How to Buy a Second Hand Camera Lens
“Spend your money on lenses,” goes the old adage and it's true – it doesn't matter how good your camera body is, your images are very, very dependent on the quality of the glass you stick on the front of it. Look at any pro's kitbag, and the value of their lenses far exceeds that of the actual camera bodies, and it's the same for compact system cameras as well as SLRs.
Problem is, decent quality lenses are not cheap, so if cash is tight but you need better glass, buying second hand makes a lot of sense.
Check what you are buying
Before you even start browsing eBay, Gumtree, etc., do your research. Not all lenses are created equal and the naming system can be very confusing. Since you are buying an older lens, you need to be sure it is the right version for your camera, or you could end up with a frustrating antique.
Nikon's autofocus lenses fall into several categories, such as D, G, S etc. so be very sure what you are buying. The company's website is an obvious place to start, or a dealer's website, or specialist user forums for your type of camera.
Check the prices
Again, there is no point paying over the odds for a second-hand lens if you can get a new version for roughly the same money. Check prices carefully – Amazon and large camera retailers, such as WEX in the UK, will give you a good idea of the lower level of a lens's price. Since you are not getting a guarantee or any kind of comeback from a private seller in the event of problems, you should use this as a negotiating chip to try and push the price down further.
Check the condition
With delicate camera equipment you ideally want to check the condition before you buy, or make sure you have some kind of comeback if the goods arrive in less than perfect condition. With lenses, you need to make sure the autofocus works with your camera, obviously, but also check that the manual focus ring moves smoothly and is in good condition. The same goes for the zoom ring if appropriate, and also check that functions like vibration reduction actually work.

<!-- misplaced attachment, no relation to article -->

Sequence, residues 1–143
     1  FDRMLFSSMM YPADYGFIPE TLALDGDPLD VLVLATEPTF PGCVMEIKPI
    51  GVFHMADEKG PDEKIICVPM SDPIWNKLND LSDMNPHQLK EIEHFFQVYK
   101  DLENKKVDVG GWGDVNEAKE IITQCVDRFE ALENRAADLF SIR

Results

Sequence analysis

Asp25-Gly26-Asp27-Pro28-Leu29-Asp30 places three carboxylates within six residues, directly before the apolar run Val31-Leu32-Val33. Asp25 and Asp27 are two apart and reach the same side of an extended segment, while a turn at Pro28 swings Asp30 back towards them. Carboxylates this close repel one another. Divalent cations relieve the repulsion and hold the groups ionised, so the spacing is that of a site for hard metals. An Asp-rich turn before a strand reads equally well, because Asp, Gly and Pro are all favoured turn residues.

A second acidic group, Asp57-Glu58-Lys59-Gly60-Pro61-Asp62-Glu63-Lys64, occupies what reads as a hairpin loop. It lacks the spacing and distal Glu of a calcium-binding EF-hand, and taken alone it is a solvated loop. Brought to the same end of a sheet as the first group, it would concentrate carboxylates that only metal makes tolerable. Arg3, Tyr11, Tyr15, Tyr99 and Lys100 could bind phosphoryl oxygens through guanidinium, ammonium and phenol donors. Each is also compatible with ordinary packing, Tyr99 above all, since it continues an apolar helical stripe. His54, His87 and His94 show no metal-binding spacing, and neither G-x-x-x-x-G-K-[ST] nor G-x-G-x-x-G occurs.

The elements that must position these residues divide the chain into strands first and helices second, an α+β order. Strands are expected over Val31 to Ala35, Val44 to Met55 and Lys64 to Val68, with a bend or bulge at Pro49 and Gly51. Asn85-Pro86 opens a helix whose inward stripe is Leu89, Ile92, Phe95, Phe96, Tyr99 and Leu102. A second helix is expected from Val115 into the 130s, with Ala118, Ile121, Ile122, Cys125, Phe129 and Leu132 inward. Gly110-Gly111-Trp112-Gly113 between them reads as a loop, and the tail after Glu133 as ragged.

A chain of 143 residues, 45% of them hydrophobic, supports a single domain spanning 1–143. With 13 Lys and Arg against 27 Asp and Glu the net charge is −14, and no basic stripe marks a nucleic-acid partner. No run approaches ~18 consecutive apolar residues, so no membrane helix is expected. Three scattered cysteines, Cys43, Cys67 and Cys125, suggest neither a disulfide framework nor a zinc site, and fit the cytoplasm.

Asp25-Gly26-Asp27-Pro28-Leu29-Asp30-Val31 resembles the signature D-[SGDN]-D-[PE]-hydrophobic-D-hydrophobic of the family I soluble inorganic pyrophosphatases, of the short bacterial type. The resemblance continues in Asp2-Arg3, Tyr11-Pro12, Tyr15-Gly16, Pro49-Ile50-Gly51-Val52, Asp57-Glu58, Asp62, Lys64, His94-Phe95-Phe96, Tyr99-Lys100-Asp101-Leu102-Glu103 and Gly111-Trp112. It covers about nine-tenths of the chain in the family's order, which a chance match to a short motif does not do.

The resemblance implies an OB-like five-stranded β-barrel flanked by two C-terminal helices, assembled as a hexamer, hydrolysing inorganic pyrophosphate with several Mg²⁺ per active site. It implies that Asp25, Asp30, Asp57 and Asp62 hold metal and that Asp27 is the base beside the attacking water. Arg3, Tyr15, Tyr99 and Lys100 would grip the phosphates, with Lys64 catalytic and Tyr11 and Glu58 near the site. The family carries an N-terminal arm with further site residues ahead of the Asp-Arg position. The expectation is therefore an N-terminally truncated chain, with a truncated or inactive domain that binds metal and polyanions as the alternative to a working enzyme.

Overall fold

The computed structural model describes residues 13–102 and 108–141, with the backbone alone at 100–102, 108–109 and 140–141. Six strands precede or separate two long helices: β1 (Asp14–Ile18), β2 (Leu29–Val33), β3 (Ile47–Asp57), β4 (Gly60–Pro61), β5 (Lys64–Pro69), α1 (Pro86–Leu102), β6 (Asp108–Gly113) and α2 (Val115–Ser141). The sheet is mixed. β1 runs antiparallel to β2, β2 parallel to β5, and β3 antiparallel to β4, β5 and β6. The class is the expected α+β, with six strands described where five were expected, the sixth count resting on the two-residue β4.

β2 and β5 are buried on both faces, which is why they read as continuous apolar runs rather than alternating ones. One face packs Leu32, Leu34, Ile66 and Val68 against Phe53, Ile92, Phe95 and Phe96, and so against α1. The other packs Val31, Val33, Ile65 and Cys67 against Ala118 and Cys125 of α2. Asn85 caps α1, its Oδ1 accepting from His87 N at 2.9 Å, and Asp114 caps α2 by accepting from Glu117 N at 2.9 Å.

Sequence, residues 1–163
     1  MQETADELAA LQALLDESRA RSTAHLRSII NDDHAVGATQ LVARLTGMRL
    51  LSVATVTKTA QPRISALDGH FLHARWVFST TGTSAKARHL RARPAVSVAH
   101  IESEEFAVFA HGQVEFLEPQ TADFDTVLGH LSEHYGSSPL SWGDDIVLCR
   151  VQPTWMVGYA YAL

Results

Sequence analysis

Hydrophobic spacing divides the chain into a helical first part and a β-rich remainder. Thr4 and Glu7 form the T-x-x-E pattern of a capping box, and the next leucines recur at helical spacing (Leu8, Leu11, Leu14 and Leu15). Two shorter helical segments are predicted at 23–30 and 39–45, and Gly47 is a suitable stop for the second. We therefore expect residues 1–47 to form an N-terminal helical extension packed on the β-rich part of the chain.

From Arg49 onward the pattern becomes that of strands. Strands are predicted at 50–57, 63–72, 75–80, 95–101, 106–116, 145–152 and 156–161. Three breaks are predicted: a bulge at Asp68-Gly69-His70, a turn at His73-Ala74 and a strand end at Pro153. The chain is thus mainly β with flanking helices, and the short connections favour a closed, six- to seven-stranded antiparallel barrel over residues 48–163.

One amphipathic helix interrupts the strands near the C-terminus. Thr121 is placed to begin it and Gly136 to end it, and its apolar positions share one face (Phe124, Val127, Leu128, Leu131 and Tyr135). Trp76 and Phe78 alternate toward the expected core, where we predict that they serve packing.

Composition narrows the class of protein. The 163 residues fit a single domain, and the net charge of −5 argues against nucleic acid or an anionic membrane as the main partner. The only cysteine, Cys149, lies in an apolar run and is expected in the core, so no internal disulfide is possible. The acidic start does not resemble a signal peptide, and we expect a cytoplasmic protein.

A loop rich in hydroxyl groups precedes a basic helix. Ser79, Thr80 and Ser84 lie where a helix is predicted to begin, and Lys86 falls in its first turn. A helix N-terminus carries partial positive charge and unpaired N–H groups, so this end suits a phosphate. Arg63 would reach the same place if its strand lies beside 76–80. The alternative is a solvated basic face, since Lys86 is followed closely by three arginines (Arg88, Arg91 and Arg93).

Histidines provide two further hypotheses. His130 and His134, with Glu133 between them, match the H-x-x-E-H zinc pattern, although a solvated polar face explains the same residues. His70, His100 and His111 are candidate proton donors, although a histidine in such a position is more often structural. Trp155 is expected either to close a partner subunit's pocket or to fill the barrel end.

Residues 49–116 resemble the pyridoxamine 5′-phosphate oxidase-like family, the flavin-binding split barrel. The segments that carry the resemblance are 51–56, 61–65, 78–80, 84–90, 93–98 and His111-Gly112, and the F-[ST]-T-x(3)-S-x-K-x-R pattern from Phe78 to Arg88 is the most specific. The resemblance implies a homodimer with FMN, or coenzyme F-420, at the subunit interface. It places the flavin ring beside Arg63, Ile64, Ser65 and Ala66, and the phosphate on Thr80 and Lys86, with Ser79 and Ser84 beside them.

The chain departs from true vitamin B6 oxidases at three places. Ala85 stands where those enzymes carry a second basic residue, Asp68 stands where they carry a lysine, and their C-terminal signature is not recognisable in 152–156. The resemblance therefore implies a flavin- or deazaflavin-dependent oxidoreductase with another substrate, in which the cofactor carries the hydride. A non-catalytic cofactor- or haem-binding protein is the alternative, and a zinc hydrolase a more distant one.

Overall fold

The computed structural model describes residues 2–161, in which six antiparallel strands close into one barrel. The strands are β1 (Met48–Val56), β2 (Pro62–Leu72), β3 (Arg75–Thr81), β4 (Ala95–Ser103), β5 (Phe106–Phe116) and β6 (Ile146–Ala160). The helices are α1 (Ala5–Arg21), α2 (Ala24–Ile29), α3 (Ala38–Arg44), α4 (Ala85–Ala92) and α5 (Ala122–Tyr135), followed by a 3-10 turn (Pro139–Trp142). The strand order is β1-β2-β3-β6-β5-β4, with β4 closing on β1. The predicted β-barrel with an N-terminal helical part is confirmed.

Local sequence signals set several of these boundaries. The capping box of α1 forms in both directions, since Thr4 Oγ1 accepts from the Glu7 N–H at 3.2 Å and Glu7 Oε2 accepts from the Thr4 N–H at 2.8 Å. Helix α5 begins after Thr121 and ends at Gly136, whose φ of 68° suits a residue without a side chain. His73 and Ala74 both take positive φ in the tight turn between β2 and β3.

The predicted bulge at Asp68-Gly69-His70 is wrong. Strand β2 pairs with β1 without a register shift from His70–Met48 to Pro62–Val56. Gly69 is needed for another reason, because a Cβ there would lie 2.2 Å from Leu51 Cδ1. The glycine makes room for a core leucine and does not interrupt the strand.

Then check the condition of the lens surface carefully; scrutinise unprocessed raw images taken with the lens so you can spot scuffs or scratches. Another tell-tale sign of neglect is mould growing around the edges of the lens. If the lens comes with a lens hood or UV filter, it's an encouraging sign that it has been well cared for. As a compromise, you can also buy pre-owned lenses from a dealer, though the prices tend to be higher.
Consider film lenses
You can get some great deals on lenses originally designed for older 35mm film SLRs, though they are increasingly being snapped up online. Again, be careful what you are buying, and be aware that lenses for pre-digital cameras will often only work in a restricted way on a modern digital SLR. There should be lots of information online, either from the lens maker, or user groups. Be aware that you might not be able to use autofocus with your camera, or you might need to buy a special adaptor for the lens to work it all.
Once you have factored in this cost, buying film lenses might not seem so cheap after all. Don't forget the focal length changes too – I have an old Minolta 135mm f/2.8 film lens, but if I put that on the front of a Minolta-compatible, Sony compact system camera, the equivalent focal length would be 270mm!
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